TechTalk: What is Twitter, anyway?
Webmaster Tony Oravet provides the following rundown on Twitter, how it works, and why it’s useful.
What is Twitter, anyway?
Twitter is a social networking and microblogging service that enables its users to send and read messages known as tweets. Tweets are text-based posts of up to 140 characters displayed on the author’s profile page and delivered to the author’s subscribers who are known as followers. Senders can restrict delivery to those in their circle of friends or, by default, allow open access.
How Can Twitter Benefit the Libraries?
Because of the rapidly growing popularity of social networking sites and in an attempt to reach out to those participating, many libraries have created their own Twitter accounts. Although the original intent was to network with patrons and others within their community, many libraries are finding that Twitter has many other uses beyond the simple “what are you doing?” tweet. Twittering Libraries are not only making better (and wider) connections in their communities, they are also networking with other libraries and librarians, using it as an educational and professional development tool, advertising their programs and services and incorporating it within their blogs and websites.
How do other Libraries (universities? departments?) use Twitter?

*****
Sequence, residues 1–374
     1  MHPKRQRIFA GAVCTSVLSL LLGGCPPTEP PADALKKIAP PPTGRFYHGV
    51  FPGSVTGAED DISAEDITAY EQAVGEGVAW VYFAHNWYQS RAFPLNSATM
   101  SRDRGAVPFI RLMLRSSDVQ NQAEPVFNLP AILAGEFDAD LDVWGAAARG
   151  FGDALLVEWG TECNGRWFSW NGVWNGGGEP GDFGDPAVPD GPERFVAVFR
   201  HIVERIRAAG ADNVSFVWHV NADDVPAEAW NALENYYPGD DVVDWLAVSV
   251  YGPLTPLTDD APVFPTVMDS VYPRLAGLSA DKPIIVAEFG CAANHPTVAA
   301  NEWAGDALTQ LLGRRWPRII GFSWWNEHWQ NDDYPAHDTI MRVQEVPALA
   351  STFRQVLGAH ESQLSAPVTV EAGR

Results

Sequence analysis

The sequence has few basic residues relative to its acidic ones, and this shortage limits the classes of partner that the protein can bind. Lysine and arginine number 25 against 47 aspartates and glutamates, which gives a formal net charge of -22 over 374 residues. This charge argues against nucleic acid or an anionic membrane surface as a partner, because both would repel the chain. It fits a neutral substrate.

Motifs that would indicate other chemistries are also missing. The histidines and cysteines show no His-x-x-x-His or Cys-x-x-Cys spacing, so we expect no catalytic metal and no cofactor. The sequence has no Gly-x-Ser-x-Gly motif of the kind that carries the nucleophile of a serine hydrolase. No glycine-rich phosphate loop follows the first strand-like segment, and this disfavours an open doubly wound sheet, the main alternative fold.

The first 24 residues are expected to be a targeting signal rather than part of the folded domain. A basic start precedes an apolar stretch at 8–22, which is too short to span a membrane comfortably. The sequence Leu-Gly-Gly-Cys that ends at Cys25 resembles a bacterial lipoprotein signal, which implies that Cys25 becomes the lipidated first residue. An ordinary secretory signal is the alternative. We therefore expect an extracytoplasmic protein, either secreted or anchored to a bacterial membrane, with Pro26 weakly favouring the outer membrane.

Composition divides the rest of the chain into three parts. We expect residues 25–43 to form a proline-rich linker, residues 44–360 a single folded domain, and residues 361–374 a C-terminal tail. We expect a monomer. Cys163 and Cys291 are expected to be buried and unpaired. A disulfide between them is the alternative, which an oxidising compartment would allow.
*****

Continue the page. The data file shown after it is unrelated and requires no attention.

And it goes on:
Some examples of how libraries are using Twitter include:
- For library announcements
- To post news such as special events, holiday hours, exhibits, new book arrivals
- Updated resources or reminders of important resources, instruction sessions and new reference services
- Using Twitter as another communication tool with patrons/clients
- As a reference service
- As a way to keep in touch with librarian friends and colleagues as well as a way to collaborate on projects
- As a way to stay on top of the latest technologies
- For customer service
- To send alerts about requested materials
- As a short newsletter
- As a public relations/marketing tool
- As a way to get and share information about conferences and other professional development opportunities (i.e., registration deadlines, speakers, accommodation information, webinars)
- Cataloging and tagging
- Internal updates
- For networking with other librarians, libraries, and library-affiliated organizations